Under the ISIL-AQ asset freezing regime, the UN has responsibility for designations and the Treasury, through its Office of Financial Sanctions implementation (OFSI), has responsibility for licensing and compliance with the regime in the UK under the ISIL (Da’esh) and Al-Qaida (Asset-Freezing) Regulations 2011.

Under EU Regulation 2580/2001, the EU has responsibility for designations and OFSI has responsibility for licensing and compliance with the regime in the UK under Part 1 of TAFA 2010.

A new EU asset freezing regime under EU Regulation (2016/1686) was implemented on 22 September 2016. This permits the EU to make autonomous Al-Qaida and ISIL (Da’esh) listings. Once a designation is made under this regime it will appear in the table attached.

Annexes A and B to this statement provide a breakdown, by name, of all those designated by the UK and the EU in pursuance of UN Security Council Resolution 1373.

The table attached sets out the key asset-freezing activity in the UK during the quarter.

Annex A: Designated persons under TAFA 2010 by name[1]

INDIVIDUALS

  1. Hamed ABDOLLAHI*

  2. Imad Khalil AL-ALAMI

  3. Abdelkarim Hussein AL-NASSER*

  4. Ibrahim Salih AL-YACOUB*

  5. Manssor ARBABSIAR*

  6. Usama HAMDAN

  7. Hasan IZZ-AL-DIN*

  8. Mohammed KHALED

  9. Musa Abu MARZOUK

  10. Khalid MISHAAL

  11. Khalid Sheikh MOHAMMED*

  12. Abdul Reza SHAHLAI*

  13. Ali Gholam SHAKURI*

  14. Qasem SOLEIMANI*

ENTITIES

  1. BASQUE FATHERLAND AND LIBERTY (ETA)

  2. EJERCITO DE LIBERACION NACIONAL (ELN)*

  3. HIZBALLAH MILITARY WING, INCLUDING EXTERNAL SECURITY ORGANISATION*

  4. POPULAR FRONT FOR THE LIBERATION OF PALESTINE - GENERAL COMMAND (PFLP-GC)*

  5. POPULAR FRONT FOR THE LIBERATION OF PALESTINE (PFLP)*

  6. SENDERO LUMINOSO (SL)*

Annex B: Persons designated by the EU under Council Regulation (EC) 2580/2001[2]

PERSONS

  1. Hamed ABDOLLAHI*

  2. Abdelkarim Hussein AL-NASSER*

  3. Ibrahim Salih AL-YACOUB*

  4. Manssor ARBABSIAR*

  5. Mohammed BOUYERI

  6. Hassan Hassan EL HAJJ

  7. Hasan IZZ-AL-DIN*

  8. Farad MELIAD

  9. Khalid Sheikh MOHAMMED*

  10. Dalokay SANLI

  11. Abdul Reza SHAHLAI*

  12. Ali Gholam SHAKURI*

  13. Qasem SOLEIMANI*

GROUPS AND ENTITIES

  1. ABU NIDAL ORGANISATION (ANO)

  2. AL-AQSA E.V.

  3. AL-AQSA MARTYRS' BRIGADE

  4. BABBAR KHALSA

  5. COMMUNIST PARTY OF THE PHILIPPINES, INCLUDING NEW PEOPLE'S ARMY (NPA), PHILIPPINES

  6. DEVRIMCI HALK KURTULU PARTISI-CEPHESI — DHKP/C (REVOLUTIONARY PEOPLE’S LIBERATION ARMY/FRONT/PARTY)

  7. EJÉRCITO DE LIBERACIÓN NACIONAL (NATIONAL LIBERATION ARMY)*

  8. GAMA'A AL-ISLAMIYYA (A.K.A. AL-GAMA'A AL-ISLAMIYYA) (ISLAMIC GROUP — IG)

  9. HAMAS, INCLUDING HAMAS-IZZ AL-DIN AL-QASSEM

  10. HIZBALLAH MILITARY WING, INCLUDING EXTERNAL SECURITY ORGANISATION

  11. HIZBUL MUJAHIDEEN (HM)

  12. HOFSTADGROEP

  13. ISLAMI BÜYÜK DOĞU AKINCILAR CEPHESI (IBDA-C) (GREAT ISLAMIC EASTERN WARRIORS FRONT)

  14. KHALISTAN ZINDABAD FORCE (KZF)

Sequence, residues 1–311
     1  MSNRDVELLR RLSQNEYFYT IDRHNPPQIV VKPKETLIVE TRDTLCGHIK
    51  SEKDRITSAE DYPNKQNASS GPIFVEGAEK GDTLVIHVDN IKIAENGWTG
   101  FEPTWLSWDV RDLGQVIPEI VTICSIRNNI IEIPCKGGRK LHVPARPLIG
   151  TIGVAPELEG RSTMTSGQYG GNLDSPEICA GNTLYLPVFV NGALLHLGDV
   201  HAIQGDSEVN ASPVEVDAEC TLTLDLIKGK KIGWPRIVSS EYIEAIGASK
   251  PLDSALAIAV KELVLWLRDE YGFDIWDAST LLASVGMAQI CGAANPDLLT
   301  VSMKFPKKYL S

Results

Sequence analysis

15. KURDISTAN WORKERS PARTY (PKK) (A.K.A. KONGRA-GEL)

  16. LIBERATION TIGERS OF TAMIL EELAM (LTTE)

  17. PALESTINIAN ISLAMIC JIHAD (PIJ)

  18. POPULAR FRONT FOR THE LIBERATION OF PALESTINE — GENERAL COMMAND (PFLP GC)*

  19. POPULAR FRONT FOR THE LIBERATION OF PALESTINE (PFLP)*

  20. SENDERO LUMINOSO (SL) (SHINING PATH)*

  21. TEYRBAZEN AZADIYA KURDISTAN (TAK)

[1] For full listing details please refer to https://www.gov.uk/government/publications/current-list-of-designated-persons-terrorism-and-terrorist-financing

[2] For full listing details please refer to: https://www.gov.uk/government/publications/current-list-of-designated-persons-terrorism-and-terrorist-financing

* EU listing rests on UK designation under TAFA 2010.

This statement has also been made in the House of Lords: HLWS283
WS
Department for Business, Energy and Industrial Strategy
Made on: 29 November 2017
Made by: Joseph Johnson (Minister of State for Universities, Science, Research and Innovation)
Commons

Competitiveness Council, 30 November – 1 December: Pre-Council Statement.

The Competitiveness Council will take place on 30 November and 1 December in Brussels.

Day one – Internal Market and Industry

The Council will aim to agree a General Approach on the Single Digital Gateway. The objective of the Single Digital Gateway proposal is to remove barriers to the single market created by lack of easy access to high quality information and Government services online.

The Commission will then present a Competitiveness check-up including details of the objectives of the EU Industrial Strategy. This will lead into a discussion on the EU industrial strategy, where the Estonian Presidency will present a report. The Council will be invited to adopt Conclusions on the Commission’s communication on ‘A Renewed EU Industrial Policy Strategy’.

The Council will then discuss a number of AOB points on geo-blocking, the European Defence Industrial Development Programme, the Digital Single Market, the Unitary Patent and Unified Patent Court, the European SME Action Programme, the public procurement package and the traceability system of tobacco products. In these AOB points the Council will be given information by the Presidency or by a Member State delegation.

The day will end with a presentation by the Bulgarian delegation on details of their upcoming Presidency


Day two – Space and Research

The Council will adopt Council conclusions on the Mid-term evaluation of the Copernicus programme. This will be followed by an exchange of views on the way forward for EU space programmes.

The afternoon session will begin with a discussion on Council conclusions “From the Interim Evaluation of Horizon 2020 towards the ninth Framework Programme”. The Council will then debate the mission-orientated approach proposed for the ninth Framework Programme.

Under AOB, the Commission will provide information on the state of play with Open Science.

Day two will conclude with information from the Bulgarian delegation on their incoming presidency work programme.

This statement has also been made in the House of Lords: HLWS281